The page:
Abstract

As he concludes poem 1.12, Propertius romantically asserts that Cynthia was prima and will be the finis. This article explores the supplemental readings that open up if we focus not on the temporal but on the geographical meaning of the word finis, a move invited by the poem itself and by the poems (1.8a, 1.8b, 1.11) with which it belongs interpretively, all containing several allusions to space. Drawing on both Lacanian and cartographic theory, I suggest that the poet's engagement with questions of fines reveals Propertius' response to a growing awareness and concern with issues of physical space and empire in the Augustan period.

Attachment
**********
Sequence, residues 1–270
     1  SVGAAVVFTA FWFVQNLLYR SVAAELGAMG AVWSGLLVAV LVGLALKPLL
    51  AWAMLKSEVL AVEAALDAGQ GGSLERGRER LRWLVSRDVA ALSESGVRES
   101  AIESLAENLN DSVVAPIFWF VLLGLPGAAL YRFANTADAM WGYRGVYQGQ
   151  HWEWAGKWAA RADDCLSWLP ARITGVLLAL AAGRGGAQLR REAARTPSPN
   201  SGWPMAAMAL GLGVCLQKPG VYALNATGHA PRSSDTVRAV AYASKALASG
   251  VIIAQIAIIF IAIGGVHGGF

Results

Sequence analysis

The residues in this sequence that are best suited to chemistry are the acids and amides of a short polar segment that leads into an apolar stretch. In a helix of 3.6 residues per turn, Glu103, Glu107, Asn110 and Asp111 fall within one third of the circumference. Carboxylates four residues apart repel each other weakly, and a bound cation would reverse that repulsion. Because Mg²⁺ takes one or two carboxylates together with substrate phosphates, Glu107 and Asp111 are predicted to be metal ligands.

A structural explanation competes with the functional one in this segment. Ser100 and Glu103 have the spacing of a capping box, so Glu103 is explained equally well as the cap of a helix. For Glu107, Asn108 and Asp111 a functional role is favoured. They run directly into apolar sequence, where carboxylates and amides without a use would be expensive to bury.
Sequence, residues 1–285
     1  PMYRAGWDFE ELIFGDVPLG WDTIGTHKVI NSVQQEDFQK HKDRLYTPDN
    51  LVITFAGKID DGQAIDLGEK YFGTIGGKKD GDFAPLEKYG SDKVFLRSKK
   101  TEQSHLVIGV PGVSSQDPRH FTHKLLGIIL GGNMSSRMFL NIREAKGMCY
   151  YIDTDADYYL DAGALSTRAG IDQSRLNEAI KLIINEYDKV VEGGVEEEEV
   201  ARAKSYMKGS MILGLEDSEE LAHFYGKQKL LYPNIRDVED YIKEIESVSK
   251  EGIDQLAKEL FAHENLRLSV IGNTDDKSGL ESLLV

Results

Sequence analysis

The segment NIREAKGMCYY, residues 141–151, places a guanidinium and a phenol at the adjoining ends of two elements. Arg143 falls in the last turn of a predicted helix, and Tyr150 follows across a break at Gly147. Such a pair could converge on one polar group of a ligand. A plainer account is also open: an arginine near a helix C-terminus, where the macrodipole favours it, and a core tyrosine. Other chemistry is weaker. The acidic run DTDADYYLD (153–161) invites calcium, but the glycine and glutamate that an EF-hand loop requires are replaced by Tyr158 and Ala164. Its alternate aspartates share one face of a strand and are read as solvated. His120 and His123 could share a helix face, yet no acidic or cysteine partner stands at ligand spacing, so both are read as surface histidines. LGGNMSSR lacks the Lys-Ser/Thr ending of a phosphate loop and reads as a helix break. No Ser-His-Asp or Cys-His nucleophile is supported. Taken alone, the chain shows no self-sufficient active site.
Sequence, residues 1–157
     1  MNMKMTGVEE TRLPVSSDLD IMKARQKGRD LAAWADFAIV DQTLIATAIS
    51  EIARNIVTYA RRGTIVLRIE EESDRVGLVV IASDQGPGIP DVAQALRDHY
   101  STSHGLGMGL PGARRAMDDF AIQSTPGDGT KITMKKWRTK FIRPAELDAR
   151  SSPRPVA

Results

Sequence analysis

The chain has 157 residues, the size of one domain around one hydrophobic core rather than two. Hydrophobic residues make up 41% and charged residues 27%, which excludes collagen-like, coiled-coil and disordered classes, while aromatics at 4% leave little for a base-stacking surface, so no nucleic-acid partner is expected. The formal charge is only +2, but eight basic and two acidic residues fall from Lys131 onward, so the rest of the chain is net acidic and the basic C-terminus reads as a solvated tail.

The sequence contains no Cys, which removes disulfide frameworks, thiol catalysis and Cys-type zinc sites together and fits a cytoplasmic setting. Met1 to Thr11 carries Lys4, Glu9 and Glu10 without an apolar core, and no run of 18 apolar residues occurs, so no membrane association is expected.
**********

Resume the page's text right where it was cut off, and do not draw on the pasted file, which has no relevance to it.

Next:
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Additional Information

ISSN
1086-3168
Print ISSN
0002-9475
Pages
pp. 633-665
Launched on MUSE
2012-01-06
Open Access
No
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